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The Rationality of Miracles: Debunking The Perception of Gullibility

In a world shaped by science and reason, the notion of miracles often seems out of place, if not downright implausible.

According to a 2009 Harris Poll survey, 76% of adult Americans believe in miracles, and 95% of new-born Christians do.

But are Christians simply gullible for embracing the miracles of the Bible? Or is there more to their extraordinary claims?

 

HOW TO GO ABOUT IT?

 

By presenting logical reasoning and scholarly perspectives, I aim to pique your intellectual curiosity, transcend simplistic notions and seek to understand why miracles continue to sway believers’ hearts and minds.

 

SCHOLARLY PERSPECTIVES

 

David Hume vs Antony Flew: The Quest For Evidence

David Hume, the famous Scottish philosopher from the eighteenth century, said for us to believe in a miracle, the evidence has to be even more unbelievable than the miracle itself!

Hume believed that miracles could never be established based on testimony.

Antony Flew, Hume’s great interpreter and advocate — also one of the 20th century’s most significant intellectual atheists — rejected Hume’s argument regarding miracles.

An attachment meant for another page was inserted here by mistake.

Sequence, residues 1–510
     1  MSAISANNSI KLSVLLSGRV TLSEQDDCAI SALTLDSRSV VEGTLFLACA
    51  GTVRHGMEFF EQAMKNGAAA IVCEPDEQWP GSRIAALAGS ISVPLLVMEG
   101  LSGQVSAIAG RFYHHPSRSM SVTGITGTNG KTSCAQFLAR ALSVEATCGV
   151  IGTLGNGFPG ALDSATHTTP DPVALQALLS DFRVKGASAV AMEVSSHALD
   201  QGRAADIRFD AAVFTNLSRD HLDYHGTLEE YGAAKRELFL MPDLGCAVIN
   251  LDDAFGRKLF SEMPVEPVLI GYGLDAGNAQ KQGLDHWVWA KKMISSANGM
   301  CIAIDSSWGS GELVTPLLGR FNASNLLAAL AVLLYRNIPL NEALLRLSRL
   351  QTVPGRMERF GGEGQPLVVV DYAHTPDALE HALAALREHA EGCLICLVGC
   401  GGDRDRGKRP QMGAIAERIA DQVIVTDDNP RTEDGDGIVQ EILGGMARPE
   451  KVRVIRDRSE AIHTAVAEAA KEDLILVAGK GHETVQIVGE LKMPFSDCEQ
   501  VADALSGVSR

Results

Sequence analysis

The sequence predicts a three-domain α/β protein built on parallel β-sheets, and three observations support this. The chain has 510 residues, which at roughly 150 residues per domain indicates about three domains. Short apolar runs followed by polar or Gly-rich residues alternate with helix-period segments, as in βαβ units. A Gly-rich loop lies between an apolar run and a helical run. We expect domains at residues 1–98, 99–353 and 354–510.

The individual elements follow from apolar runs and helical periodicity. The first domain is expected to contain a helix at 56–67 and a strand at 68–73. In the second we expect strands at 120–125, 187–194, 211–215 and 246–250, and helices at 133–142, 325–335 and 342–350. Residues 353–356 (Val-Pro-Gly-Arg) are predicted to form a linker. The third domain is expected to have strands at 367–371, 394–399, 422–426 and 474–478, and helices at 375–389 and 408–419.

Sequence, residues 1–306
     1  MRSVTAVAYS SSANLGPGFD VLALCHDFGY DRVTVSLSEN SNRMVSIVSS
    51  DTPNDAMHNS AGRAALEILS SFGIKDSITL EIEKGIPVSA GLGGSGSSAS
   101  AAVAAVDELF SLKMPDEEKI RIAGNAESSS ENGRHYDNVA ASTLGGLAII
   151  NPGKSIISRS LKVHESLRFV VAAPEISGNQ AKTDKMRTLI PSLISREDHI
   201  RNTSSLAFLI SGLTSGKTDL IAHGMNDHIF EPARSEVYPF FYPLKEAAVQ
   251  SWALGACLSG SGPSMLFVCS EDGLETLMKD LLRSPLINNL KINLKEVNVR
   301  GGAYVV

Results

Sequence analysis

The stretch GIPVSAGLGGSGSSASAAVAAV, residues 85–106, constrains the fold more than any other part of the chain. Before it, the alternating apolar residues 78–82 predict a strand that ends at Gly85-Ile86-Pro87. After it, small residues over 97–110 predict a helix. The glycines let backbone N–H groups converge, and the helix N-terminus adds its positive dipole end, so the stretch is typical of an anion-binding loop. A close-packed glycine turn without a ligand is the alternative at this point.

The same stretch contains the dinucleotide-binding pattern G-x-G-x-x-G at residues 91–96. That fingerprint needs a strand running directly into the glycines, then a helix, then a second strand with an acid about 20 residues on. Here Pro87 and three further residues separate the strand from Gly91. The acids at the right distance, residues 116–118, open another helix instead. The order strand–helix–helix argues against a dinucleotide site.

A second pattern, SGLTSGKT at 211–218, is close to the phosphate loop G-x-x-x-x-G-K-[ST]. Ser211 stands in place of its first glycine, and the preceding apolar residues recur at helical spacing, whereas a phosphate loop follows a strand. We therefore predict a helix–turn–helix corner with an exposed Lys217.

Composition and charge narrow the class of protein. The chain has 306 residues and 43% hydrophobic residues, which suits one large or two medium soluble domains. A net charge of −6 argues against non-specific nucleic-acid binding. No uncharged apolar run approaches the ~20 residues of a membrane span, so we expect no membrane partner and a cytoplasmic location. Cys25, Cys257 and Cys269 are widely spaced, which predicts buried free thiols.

Flew believed that while scepticism is warranted, outright dismissal of all miracle claims based on Hume’s criteria was unwarranted.

 

C.S. Lewis And The Drawer In The Hotel Room

 

C.S. Lewis explained miracles like this: the law of nature, which governs the physical world, and the law of the country, which regulates human behaviour, are two different things.

Imagine you’re staying in a hotel and you put $100 in the drawer each night, like clockwork. So, after two nights, you’ve got $200 stashed away. But then, here’s the kicker: You wake up on the third day all ready to count your cash, and what do you find? Only $50 in the drawer!

What do you think happened? Did the law of nature break, or did the laws of the United States break?

Well, obviously, someone stole your money! It is not a miracle because the natural law didn’t break. It’s just that someone messed with the country’s laws by stealing from you.

 

John Lennox And The Law Of Dead Bodies

 

John Lennox is a Professor of Mathematics at Oxford University and the quintessential scientist who believes in miracles.

In one of his great interviews, he said, “The people of the New Testament 20 centuries ago, they knew that dead bodies stayed in the ground. So, when Jesus rose from the dead, it’s not like, ‘Oh, okay, that’s normal.’”

It was a big deal because they knew the relevant laws of nature. It goes against what everyone knows about how things work.

John Lennox says you need a universe that runs on laws to recognize God’s hand when He overrules it.

 

ON A SCALE OF 1 TO 10, HOW GULLIBLE WERE THE FIRST-CENTURY CHRISTIANS?

 

So wait! We may be sceptical because we get to read about it many years later. What about those who witnessed Jesus’ miracles with their own eyes?

People were bewildered when they watched Jesus perform miracles. It was not as if they were watching a magician and going, “Do it again!” Instead, it blew their minds. They were astonished and wondered, “Who is this man?”